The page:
"I do not think God is overly concerned about whether we are singing a chorus or a hymn. And I do not think he really cares whether you are playing the organ or the drums. What I think God cares about is the disengaged heart. I do not think he is particularly interested in our theories or techniques of worship except as they are effective in genuinely drawing hearts to him. Worship that is not heartfelt and authentic simply does not interest him."

"The passion to see hearts fully engaged, to radically eliminate dutiful, going-through-the-motions song times, and to bring people into a powerful time of relationship with our living God is what is at the heart of the contemporary worship renewal. [It] endeavors to use modern instrumentation, contemporary musical styles, and freshly written or arranged songs in the language of this generation to lead people into authentic expressions of worship and a genuine experience of the presence of God."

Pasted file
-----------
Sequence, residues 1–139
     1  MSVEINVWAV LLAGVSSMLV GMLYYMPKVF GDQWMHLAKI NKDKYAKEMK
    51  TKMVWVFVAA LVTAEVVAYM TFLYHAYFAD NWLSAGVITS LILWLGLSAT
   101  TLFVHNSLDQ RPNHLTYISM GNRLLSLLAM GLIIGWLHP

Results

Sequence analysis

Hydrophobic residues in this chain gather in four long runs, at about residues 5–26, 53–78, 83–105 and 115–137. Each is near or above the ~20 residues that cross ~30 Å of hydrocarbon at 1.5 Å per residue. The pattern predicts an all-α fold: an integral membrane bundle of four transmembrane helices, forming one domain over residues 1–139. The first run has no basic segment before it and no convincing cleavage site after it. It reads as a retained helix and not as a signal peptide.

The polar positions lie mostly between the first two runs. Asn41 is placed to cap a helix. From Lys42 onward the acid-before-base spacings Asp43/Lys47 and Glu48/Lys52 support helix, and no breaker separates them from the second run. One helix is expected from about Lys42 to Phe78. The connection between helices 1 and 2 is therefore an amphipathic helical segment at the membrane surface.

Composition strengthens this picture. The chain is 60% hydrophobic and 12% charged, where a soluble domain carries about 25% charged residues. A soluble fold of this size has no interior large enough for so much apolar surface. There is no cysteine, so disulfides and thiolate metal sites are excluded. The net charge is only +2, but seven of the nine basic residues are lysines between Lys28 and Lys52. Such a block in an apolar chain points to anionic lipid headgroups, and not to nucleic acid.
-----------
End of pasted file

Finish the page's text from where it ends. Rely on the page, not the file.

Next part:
"People of this generation are longing to experience the genuine presence of God. And God is longing to move in and among the hearts of his people. If we will learn to worship from hearts that are fully engaged, God will be glorified and set free to move in us and among us... [Growing up in a traditional church], I began to realize that singing about God was somehow not enough. I wanted to know him. I wanted to interact with him. I wanted to experience the things I was singing about and find them to be true. I began to understand that worship, as it is described so vividly in Scripture, was meant to be a dialogue, flowing from the outpouring of a relationship with God... Worship is more than one-way communication from us to God. It is a two-way communication between God and his people. We exalt God. He reveals his presence and changes our hearts. We pour out our hearts and remember his greatness. Refusing to be outdone, he meets our needs for intimacy and grace."